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Old 02-10-2019, 08:47 PM   #11
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I still don't understand. How are amps used determined by ambient temperature. Is it based on assumptions about compressor use over time, compressor on and off.

Bud
Outside Temperature
The amount of heat and the rate at which it transfers depends upon the temperature difference between the outside air and the refrigerant. The lower the temperature of the outside air, the more cooling is done by the heat exchanger, instead of the compressor. When the outside air temperature increases, the air-conditioner works harder to cool the home because the compressor works more.

https://sciencing.com/can-outside-te...-ac-23326.html
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Old 02-10-2019, 09:05 PM   #12
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Mike, need it dumbed down.

"the air-conditioner works harder to cool the home because the compressor works more."

Your link said "works harder ", does that mean turns on more, runs more?
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Old 02-11-2019, 04:39 AM   #13
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I still don't understand. How are amps used determined by ambient temperature. Is it based on assumptions about compressor use over time, compressor on and off.

Bud
The difference is not from the duty cycle (on and off). It is because the compressor needs more power to change the state of the refrigerant when the ambient temperature is higher.

The electric power input to an air-conditioner compressor increases with increasing outdoor air temperature due to the increasing discharge pressure caused by the decreasing heat transfer capacity of the condenser in the air-conditioner.

- - Mike
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Old 02-11-2019, 12:30 PM   #14
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The difference is not from the duty cycle (on and off). It is because the compressor needs more power to change the state of the refrigerant when the ambient temperature is higher.

The electric power input to an air-conditioner compressor increases with increasing outdoor air temperature due to the increasing discharge pressure caused by the decreasing heat transfer capacity of the condenser in the air-conditioner.

- - Mike
Thanks, feeling foolish as I should have picked that up somewhere in the last upteen years. I'll start reading as opposed to more questions.
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Old 02-11-2019, 10:39 PM   #15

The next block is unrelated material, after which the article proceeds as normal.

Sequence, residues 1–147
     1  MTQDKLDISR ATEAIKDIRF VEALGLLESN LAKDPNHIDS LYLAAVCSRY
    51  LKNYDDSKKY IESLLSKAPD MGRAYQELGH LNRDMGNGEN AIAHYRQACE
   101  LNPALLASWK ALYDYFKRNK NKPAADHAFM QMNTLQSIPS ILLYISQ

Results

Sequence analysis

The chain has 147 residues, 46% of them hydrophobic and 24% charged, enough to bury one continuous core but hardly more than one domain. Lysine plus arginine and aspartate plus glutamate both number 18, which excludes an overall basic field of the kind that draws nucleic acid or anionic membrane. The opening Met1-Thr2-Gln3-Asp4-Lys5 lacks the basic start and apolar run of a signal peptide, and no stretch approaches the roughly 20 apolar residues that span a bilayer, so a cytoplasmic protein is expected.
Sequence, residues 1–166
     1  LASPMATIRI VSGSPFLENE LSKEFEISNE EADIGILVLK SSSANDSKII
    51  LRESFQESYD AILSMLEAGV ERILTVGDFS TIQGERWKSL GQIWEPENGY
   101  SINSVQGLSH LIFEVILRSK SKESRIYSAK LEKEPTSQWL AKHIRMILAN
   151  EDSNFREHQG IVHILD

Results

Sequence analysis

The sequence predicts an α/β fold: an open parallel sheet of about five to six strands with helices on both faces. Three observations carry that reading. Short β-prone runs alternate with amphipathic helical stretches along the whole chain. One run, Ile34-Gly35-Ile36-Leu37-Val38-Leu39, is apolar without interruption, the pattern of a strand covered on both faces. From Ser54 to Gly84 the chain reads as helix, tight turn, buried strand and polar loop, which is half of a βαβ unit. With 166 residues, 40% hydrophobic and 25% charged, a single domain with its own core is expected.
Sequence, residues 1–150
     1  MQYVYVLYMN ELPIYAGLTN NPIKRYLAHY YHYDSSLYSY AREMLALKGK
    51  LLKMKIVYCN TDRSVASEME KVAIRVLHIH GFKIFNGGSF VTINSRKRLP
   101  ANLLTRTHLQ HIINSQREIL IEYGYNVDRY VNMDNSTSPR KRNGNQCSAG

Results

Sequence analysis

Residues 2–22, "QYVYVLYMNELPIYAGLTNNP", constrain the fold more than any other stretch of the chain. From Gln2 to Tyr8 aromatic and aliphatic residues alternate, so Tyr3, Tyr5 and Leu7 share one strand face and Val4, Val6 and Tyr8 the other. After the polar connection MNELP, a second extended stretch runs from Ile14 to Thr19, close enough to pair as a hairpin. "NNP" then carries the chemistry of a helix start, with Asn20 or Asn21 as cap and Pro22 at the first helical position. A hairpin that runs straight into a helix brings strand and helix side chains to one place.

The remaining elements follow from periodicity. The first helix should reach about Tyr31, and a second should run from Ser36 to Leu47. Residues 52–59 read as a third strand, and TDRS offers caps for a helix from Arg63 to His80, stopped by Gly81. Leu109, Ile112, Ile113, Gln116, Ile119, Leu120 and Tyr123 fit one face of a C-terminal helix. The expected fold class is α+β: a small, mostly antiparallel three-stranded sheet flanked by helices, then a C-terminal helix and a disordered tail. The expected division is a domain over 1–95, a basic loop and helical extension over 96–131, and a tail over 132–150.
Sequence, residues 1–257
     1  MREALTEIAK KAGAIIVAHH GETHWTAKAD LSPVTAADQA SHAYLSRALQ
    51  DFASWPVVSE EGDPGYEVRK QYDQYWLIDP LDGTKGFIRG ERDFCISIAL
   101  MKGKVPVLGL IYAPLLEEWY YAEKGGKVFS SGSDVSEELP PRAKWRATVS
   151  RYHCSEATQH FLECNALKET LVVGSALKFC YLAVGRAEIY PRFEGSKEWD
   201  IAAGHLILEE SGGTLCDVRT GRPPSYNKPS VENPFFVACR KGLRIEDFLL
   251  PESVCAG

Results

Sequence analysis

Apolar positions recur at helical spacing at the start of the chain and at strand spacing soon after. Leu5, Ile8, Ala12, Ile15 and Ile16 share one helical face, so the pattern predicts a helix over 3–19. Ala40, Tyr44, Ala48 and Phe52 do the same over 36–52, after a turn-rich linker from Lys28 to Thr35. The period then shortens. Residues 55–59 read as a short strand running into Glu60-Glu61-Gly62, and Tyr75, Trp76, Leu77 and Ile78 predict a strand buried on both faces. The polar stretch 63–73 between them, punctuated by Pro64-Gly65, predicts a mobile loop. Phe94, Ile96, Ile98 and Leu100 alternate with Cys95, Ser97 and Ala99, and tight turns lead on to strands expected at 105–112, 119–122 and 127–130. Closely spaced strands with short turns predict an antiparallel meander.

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Iím no expert on ProAir but know that when a compressor runs off DC it can vary current draw through variable compressor RPMís depending on the cooling requirements ie outside ambient temperature and humidity.
I have mini split heat pumps in my house that work by inverter technology. They change AC to DC and the compressor runs at many different speeds based on demand.
Iím thinking this technology is creeping into our RVís.
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Old 02-12-2019, 02:06 AM   #16
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Iím no expert on ProAir but know that when a compressor runs off DC it can vary current draw through variable compressor RPMís depending on the cooling requirements ie outside ambient temperature and humidity.
I have mini split heat pumps in my house that work by inverter technology. They change AC to DC and the compressor runs at many different speeds based on demand.
Iím thinking this technology is creeping into our RVís.
Yes - that is the technology - I sure hope it is widely adapted by the RV industry. Inverters and variable speed compressors are making the newest heat-pump systems very appealing.
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Old 02-12-2019, 02:18 AM   #17
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The mini splits in my house are amazingly efficient. They heat and cool great and cost very little to operate.
The RV industry definitely needs to embrace this technology.
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Old 02-12-2019, 02:05 PM   #18
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I have a heat pump in my B but have never used it. If I have shore power, why wear out the thing? When I can use an inexpensive electric heater down on the floor where the heat should .........

I must be missing something.

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Old 02-12-2019, 02:18 PM   #19
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There wouldn’t be much advantage to using a heating option on a split AC in an RV since you always have a higher output heater available. I suppose when the temp is mild and you have shore power it might make some sense.
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Old 02-12-2019, 02:30 PM   #20
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The current trend in class B RVís is no propane and no generator. The are putting Lithium Battery packs in them to drive a 12 volt AC unit. The DC motor driving the compressor lends itself to increased efficiency to make that possible. The fact that the heating side is possible is just a plus.
That is the context of my reply to this thread.
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